Study objective: To assess the effect of preprinted, structured, complaint-specific patient encounter forms on documentation, use of testing, and treatment compared with free-text record keeping.
Design: Nonrandomized case-control trial.
Setting: University-affiliated, tertiary referral hospital emergency department.
Methods: The records of all patients with lacerations, pharyngitis, asthma, or isolated closed-head injury during an eight-month period were reviewed.
Intervention: Use of structured complaint-specific patient encounter forms versus traditional free-text record keeping.
Main outcome measure: The null hypothesis was that there would be no differences in documentation, test use, or practice when the structured forms were used compared with free-text record keeping.
Results: Differences in documentation that favored the use of the structured forms for all four problems studied were seen consistently. Not only was documentation improved, but test use also was affected in a way that decreased use. In addition, in certain areas (eg, treatment of pharyngitis), clinical practice also was changed.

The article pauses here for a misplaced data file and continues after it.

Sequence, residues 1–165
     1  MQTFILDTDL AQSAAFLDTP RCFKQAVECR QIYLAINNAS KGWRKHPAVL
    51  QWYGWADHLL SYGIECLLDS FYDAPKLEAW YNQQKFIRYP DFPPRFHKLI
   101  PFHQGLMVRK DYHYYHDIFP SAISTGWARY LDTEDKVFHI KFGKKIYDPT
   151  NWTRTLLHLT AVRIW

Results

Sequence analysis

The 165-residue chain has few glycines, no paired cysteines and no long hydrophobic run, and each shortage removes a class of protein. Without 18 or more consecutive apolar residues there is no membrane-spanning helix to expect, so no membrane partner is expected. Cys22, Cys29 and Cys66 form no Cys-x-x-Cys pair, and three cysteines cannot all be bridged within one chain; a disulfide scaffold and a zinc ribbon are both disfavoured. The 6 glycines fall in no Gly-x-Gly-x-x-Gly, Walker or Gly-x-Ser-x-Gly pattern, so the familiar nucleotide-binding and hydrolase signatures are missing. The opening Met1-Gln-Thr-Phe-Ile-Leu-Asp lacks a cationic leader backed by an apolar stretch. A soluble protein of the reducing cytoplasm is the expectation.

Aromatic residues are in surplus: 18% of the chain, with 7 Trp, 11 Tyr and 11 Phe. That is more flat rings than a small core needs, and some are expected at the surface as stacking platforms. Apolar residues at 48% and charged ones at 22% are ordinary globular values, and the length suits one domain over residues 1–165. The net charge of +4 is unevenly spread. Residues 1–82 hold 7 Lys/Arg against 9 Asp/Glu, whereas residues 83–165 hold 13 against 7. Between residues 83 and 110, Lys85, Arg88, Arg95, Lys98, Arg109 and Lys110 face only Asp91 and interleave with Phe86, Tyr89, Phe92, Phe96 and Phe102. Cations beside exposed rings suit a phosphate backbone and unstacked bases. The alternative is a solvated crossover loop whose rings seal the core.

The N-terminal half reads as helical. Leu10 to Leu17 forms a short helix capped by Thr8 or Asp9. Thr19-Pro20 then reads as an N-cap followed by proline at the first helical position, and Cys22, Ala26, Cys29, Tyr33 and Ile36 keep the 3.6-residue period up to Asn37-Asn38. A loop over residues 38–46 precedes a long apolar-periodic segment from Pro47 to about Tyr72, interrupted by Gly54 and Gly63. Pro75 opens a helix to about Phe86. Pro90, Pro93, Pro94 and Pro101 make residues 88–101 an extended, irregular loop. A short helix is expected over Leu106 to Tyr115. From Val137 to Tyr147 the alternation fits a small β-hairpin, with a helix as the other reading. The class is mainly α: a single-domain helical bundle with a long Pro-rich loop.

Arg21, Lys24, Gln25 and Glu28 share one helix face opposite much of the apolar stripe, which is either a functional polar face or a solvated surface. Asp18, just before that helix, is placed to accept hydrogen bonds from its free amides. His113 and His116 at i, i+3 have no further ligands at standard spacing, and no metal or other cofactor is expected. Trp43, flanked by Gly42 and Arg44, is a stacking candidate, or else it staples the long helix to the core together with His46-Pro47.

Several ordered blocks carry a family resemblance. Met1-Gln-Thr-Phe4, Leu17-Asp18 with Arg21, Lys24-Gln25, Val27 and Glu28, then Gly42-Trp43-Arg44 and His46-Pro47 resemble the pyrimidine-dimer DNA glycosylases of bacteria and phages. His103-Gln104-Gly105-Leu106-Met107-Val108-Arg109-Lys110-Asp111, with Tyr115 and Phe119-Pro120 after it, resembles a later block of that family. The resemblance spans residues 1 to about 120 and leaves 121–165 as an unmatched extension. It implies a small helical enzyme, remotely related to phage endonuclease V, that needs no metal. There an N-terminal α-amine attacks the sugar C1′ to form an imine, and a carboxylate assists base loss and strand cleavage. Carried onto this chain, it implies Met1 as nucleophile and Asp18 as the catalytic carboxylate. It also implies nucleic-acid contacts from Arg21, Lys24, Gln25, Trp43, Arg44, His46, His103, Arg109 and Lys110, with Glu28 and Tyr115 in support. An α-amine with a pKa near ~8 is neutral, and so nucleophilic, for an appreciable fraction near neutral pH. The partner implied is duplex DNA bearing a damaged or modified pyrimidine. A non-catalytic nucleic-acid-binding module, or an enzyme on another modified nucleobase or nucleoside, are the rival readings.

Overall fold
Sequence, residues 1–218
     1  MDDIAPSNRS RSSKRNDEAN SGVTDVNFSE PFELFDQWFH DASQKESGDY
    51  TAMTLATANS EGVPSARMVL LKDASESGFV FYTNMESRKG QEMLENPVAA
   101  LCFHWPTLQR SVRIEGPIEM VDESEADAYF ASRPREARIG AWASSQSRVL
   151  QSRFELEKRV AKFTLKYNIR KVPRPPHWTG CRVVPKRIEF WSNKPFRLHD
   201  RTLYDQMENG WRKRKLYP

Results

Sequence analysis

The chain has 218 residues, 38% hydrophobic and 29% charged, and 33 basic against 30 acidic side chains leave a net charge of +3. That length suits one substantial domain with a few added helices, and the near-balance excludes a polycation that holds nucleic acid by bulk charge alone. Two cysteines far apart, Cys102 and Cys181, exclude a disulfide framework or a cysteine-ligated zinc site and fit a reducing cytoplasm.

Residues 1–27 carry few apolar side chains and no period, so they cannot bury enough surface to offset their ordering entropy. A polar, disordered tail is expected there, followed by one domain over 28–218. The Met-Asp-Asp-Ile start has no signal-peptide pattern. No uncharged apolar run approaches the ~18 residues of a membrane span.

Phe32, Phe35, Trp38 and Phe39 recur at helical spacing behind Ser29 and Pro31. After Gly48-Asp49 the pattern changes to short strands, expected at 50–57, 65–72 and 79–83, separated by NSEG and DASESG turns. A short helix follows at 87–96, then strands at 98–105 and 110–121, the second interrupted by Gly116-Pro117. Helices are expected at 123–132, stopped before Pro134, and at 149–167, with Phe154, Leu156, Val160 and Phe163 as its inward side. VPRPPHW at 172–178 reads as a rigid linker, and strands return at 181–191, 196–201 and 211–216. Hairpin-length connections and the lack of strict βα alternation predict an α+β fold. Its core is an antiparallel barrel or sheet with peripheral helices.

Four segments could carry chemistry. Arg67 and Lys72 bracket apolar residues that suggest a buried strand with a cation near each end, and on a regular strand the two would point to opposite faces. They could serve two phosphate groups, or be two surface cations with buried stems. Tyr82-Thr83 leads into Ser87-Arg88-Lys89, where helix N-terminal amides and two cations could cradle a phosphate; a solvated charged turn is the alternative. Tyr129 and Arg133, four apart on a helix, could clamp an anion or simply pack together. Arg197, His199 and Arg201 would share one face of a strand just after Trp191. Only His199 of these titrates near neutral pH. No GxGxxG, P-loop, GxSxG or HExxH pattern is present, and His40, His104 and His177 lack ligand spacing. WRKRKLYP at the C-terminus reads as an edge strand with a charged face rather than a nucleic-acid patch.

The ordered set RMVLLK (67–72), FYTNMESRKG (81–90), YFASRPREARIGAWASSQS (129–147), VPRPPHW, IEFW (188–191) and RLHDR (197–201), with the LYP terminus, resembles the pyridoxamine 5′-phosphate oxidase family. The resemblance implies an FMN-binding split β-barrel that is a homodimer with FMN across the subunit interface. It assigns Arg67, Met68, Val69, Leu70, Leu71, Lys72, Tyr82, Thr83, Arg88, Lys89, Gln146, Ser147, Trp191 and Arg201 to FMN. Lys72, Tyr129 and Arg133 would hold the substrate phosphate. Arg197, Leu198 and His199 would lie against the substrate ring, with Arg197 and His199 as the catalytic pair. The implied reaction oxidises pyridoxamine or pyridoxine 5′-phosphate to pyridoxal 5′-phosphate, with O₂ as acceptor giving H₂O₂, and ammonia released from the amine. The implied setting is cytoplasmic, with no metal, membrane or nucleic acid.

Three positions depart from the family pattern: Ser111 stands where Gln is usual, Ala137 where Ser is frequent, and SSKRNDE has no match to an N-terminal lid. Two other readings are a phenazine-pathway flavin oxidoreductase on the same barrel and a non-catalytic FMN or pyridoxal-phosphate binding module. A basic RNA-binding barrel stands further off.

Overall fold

Conclusion: Structured, problem-specific ED records improve documentation and affect both resource use and clinical practice. These forms may be useful for improving communication and reimbursement as well as for medicolegal documentation. They provide a method for standardized quality assurance review and clinical data abstraction. Finally, they provide a method for active dissemination of clinical standards.